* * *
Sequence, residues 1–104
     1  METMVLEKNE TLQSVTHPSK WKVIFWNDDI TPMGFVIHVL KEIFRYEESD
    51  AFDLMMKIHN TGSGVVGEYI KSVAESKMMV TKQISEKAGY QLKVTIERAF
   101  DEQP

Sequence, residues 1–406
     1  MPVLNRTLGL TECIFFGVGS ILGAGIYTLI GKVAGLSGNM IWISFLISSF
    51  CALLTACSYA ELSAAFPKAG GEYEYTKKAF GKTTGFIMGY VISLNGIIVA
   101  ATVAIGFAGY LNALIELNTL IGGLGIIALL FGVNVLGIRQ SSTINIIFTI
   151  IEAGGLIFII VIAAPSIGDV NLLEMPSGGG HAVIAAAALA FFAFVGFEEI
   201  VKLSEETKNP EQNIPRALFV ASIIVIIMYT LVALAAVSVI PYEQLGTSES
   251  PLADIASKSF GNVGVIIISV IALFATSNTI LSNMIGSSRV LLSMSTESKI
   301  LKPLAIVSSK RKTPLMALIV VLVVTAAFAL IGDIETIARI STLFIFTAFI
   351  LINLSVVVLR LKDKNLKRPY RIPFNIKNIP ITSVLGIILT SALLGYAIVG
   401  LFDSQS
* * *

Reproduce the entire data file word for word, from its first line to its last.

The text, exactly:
Sequence, residues 1–104
     1  METMVLEKNE TLQSVTHPSK WKVIFWNDDI TPMGFVIHVL KEIFRYEESD
    51  AFDLMMKIHN TGSGVVGEYI KSVAESKMMV TKQISEKAGY QLKVTIERAF
   101  DEQP

Sequence, residues 1–406
     1  MPVLNRTLGL TECIFFGVGS ILGAGIYTLI GKVAGLSGNM IWISFLISSF
    51  CALLTACSYA ELSAAFPKAG GEYEYTKKAF GKTTGFIMGY VISLNGIIVA
   101  ATVAIGFAGY LNALIELNTL IGGLGIIALL FGVNVLGIRQ SSTINIIFTI
   151  IEAGGLIFII VIAAPSIGDV NLLEMPSGGG HAVIAAAALA FFAFVGFEEI
   201  VKLSEETKNP EQNIPRALFV ASIIVIIMYT LVALAAVSVI PYEQLGTSES
   251  PLADIASKSF GNVGVIIISV IALFATSNTI LSNMIGSSRV LLSMSTESKI
   301  LKPLAIVSSK RKTPLMALIV VLVVTAAFAL IGDIETIARI STLFIFTAFI
   351  LINLSVVVLR LKDKNLKRPY RIPFNIKNIP ITSVLGIILT SALLGYAIVG
   401  LFDSQS